The benefits of breastfeeding correlate pretty closely with the advantages children from wealthier homes have: higher IQ and lower levels of illness. And since wealthier moms are more likely to breastfeed...how can we tell what the benefits of breastfeeding really are?
Breastfeeding and IQ
This study of 5000 children aged five to 14 published in the British Medical Journal showed an IQ around four points higher breastfed babies – and many other similar studies show the same. But when the researchers also f controlled for wealth, the difference dropped to 1.6 IQ points. When they controlled for the mother’s IQ, the difference dropped to just 0.5 points. And when they compared siblings of whom one was breastfed and the other not, the IQ point difference dropped to 0.02 points.
Breastfeeding and sibling studies
Sibling studies are important in teasing out the benefits of breastfeeding. These look at two (or more) children brought up in the same family, in the same circumstances, where at least one is breastfed, and one not.
One study that looked at siblings (carried out at Ohio State University) looked at 1700 siblings aged four to 14.When they compared across families, the breastfed children had lower rates of obesity and asthma, and higher levels of intelligence and educational achievement.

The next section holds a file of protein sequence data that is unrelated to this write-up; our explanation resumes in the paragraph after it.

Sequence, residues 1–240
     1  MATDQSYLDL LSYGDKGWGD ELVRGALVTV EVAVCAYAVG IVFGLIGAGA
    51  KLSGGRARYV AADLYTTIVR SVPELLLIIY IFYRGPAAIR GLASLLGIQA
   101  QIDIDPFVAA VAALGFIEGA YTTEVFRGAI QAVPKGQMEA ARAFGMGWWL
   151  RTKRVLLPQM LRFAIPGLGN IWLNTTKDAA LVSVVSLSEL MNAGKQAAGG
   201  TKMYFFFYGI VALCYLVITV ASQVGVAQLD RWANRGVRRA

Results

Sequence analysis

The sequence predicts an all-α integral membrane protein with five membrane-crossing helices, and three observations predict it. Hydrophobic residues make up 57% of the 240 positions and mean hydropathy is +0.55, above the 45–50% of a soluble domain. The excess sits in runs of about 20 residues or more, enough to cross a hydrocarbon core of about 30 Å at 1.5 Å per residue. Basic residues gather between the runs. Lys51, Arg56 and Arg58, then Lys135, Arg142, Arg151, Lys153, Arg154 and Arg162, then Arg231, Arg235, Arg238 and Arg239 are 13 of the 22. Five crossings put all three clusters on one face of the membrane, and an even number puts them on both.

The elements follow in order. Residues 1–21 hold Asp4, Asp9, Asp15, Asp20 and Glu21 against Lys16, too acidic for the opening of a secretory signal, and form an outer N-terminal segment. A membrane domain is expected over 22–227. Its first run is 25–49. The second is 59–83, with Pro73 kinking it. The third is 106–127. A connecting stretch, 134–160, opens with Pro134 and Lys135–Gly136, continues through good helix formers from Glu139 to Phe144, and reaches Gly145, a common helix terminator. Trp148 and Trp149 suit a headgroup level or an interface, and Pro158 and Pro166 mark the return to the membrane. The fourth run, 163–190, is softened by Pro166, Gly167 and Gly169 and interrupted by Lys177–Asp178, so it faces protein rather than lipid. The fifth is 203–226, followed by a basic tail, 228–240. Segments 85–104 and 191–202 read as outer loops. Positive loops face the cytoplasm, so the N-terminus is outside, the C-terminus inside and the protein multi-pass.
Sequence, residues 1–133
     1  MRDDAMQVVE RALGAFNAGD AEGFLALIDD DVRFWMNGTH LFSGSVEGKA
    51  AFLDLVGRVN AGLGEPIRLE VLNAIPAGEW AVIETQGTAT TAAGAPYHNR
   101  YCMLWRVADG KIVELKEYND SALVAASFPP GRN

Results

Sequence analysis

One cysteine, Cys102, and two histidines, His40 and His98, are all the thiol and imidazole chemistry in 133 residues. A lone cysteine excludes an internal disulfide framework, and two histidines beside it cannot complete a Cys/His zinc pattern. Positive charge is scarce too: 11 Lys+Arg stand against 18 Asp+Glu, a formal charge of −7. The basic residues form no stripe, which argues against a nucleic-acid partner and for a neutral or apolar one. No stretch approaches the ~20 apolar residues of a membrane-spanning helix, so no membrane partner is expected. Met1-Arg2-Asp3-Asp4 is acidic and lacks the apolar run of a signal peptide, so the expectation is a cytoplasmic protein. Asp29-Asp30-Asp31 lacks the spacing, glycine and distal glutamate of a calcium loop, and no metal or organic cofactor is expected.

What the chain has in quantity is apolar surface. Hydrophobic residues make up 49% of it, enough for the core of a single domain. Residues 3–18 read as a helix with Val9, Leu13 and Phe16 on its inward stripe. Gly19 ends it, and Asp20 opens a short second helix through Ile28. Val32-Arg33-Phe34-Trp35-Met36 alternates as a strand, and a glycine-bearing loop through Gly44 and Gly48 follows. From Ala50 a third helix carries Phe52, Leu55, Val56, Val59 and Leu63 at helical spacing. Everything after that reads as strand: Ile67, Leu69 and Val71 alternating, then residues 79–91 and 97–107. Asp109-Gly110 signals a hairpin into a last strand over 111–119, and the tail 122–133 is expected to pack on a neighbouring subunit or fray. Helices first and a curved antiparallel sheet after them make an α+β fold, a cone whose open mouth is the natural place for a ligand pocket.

But comparing siblings within families? They actually found very little difference between the two groups.
What about breastfeeding and SIDS?
You’ve probably read that there is a link between breastfeeding and SIDS – and understandably, that might be worrying for you if you’re thinking of using formula.
The science is clear that there is a correlation between lower rates of SIDS and breastfeeding, but it’s not clear exactly why. We do know that mixed-feeding has been found to be almost as protective against SIDS as exclusive breastfeeding.
We also know that following safe sleep guidelines is the most important thing. Make sure your baby has a safe cot that’s clear of toys and loose bedding, and always ask a health professional if you have any concerns – doctors and nurses are always happy to reassure worried moms.